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  Lunacy De Sade State Of AffairsBuy this film here.
Year: 2005
Director: Jan Svankmajer
Stars: Pavel Liska, Jan Tríska, Anna Gieslerová, Jaroslav Dusek, Martin Huba, Pavel Nový, Stano Daciak, Jirí Krytinár, Ctirad Götz, Iva Littmanová, Katerina Ruzicková, Katerina Valachová, Jan Svankmajer
Genre: Horror, Weirdo
Rating:  7 (from 1 vote)
Review: Here is director Jan Svankmajer to introduce his film, one which he tells us is drawn from a story by Edgar Allan Poe but has great pertinence to how we live in the modern world. There are two methods to run a mental asylum, he goes on, one is to let the patients do what they want, and the other is to implement extreme control; these are also valid for running a country, but there is a third way and that is a combination of both. Before he has a chance to muse upon the possibility of a happy medium, Svankmajer is interrupted by a slithering tongue, and leaves us to consider what his work observes...

After that intro, we are plunged into the world of Jean Berlot (Pavel Liska), who as we meet him is suffering delusions, or they may be a simple nightmare, that two burly orderlies are advancing on him with a straitjacket. He causes a commotion in the guest house he's been staying at, and shamed he feels the need to leave the very next morning, but then is invited to the breakfast table of a man known only as The Marquis (Jan Tríska). Can you guess who that is? Nope, not a character from Poe but a real life historical figure, the Marquis de Sade, for he was an additional influence on the film as Svankmajer mixed up "classic" texts to make his points.

Naturally (or unnaturally might be closer to the mark) he also employed his trademark stop motion stylings, continually returning to a series of offal products making their way on the same journey as Jean takes, tongues, eyes, and slices of meat animated on an errand which makes little sense until the very end, and even then might confound you if you're not on the director's wavelength. They did offer some of the most striking imagery here, however, and as usual with his efforts the animation remained the highlight, though some would argue at their best when mounted in the shorter works which came across as less rambling and more punchy, more succinct.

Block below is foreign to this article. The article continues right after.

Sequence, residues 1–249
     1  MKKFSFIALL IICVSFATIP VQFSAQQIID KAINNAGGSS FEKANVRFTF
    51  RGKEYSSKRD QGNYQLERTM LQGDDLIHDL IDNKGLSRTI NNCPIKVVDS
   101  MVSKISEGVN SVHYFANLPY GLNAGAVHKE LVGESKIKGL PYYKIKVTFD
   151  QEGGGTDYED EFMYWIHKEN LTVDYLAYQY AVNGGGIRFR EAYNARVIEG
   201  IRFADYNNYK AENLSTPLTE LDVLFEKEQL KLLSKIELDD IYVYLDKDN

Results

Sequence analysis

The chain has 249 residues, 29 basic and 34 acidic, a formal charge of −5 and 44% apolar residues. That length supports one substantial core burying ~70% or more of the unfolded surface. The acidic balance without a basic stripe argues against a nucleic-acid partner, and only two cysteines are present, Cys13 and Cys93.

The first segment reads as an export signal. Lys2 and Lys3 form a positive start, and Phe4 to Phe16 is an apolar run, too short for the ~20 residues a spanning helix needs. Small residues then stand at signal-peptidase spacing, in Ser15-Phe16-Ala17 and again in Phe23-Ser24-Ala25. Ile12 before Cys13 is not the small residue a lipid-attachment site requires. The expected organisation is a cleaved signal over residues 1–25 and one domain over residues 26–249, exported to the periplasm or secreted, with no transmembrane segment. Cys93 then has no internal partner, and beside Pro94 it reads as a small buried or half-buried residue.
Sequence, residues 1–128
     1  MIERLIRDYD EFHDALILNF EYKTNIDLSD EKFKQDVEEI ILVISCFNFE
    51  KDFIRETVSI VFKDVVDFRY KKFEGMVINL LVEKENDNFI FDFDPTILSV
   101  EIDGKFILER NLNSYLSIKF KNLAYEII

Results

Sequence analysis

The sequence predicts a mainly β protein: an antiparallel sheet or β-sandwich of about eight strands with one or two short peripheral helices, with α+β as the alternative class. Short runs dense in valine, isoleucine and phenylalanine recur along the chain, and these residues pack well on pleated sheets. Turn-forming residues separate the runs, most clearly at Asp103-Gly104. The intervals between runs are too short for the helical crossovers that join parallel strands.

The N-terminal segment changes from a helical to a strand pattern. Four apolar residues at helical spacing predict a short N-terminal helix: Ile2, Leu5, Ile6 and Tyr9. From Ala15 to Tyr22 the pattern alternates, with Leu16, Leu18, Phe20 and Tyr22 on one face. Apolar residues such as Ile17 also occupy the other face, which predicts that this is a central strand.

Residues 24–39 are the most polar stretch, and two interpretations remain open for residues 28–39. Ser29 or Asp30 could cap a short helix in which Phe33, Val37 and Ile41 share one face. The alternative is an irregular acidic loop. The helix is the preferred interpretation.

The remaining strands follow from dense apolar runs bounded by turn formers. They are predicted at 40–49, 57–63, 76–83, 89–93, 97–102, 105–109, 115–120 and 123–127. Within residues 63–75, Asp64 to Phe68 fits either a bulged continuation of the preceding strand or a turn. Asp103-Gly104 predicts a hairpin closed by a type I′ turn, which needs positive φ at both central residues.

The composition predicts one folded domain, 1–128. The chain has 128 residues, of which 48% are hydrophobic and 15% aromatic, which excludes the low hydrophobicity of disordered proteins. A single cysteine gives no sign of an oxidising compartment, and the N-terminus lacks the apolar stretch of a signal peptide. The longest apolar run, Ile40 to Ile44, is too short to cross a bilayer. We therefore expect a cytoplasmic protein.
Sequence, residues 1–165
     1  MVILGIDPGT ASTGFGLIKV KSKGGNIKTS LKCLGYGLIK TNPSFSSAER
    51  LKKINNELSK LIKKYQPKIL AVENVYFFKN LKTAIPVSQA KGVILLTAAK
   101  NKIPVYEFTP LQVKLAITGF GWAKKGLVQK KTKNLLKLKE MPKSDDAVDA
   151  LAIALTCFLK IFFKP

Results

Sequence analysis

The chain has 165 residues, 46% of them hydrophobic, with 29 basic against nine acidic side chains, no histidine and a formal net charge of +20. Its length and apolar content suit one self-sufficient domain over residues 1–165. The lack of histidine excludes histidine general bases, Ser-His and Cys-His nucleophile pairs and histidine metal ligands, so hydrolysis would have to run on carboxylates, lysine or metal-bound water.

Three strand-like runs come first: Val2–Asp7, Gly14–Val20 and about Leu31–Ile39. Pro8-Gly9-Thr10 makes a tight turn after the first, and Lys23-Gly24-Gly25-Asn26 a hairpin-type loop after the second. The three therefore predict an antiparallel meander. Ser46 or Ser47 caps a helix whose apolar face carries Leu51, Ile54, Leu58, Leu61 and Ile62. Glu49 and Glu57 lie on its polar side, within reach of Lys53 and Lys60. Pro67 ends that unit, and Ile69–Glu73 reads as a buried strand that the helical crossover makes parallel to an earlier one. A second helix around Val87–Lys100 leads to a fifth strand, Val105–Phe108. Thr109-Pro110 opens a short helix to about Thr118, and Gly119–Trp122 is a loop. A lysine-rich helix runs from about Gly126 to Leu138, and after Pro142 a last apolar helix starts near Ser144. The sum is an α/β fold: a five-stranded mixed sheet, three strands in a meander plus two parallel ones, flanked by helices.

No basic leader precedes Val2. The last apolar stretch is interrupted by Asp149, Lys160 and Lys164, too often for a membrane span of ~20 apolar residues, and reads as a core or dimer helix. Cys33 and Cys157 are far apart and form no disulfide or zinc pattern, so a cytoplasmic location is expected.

Nevertheless, Svankmajer did hold the attention thanks to his mixture of references and his withering summation of society, in this case linking how the totalitarian regime he had lived under in Czechoslovakia for much of his life related to the extreme control manner of running an asylum, and the alternative where everyone did as they pleased which was just as dangerous in his mind. Then again, if you did create an amalgam of these according to this the results would be chaotic, offering no guidance and simple confusion would arise - you got the impression the now aged director had seen it all, and found everything coming up wanting. This cynicism, even pessimism, bolstered a horror yarn which perhaps did not offer much new as far as narrative went.

To be fair, it was based on stories which had made it to the screen before, as the Sadean rites of blasphemy and perversion Jean spies upon were more expansively elaborated on in Pier Paolo Pasolini's Salò, and the Poe stories had been adapted by Roger Corman in the sixties and more blatantly in Juan López Moctezuma's The Mansion of Madness in the early seventies, to which Lunacy took a very similar tack. Jean ends up in an asylum as the guest of the Marquis where he decides to stay in order to save one of the nurses, Charlotte (Anna Gieslerová), who he believes is being held there against her will in this dangerously laissez-faire environment. But is she? The Marquis seems to think she belongs there as much as anyone as a parade of strangeness passes before us, neatly sidestepping the usual "who is the real madman?" clichés to take on the issues of a now unwieldy society at large. That said, if it was the weirdness you were here for and not the message, there was enough of that here to sate your jaded palate.

Aka: Sílení
Reviewer: Graeme Clark

 

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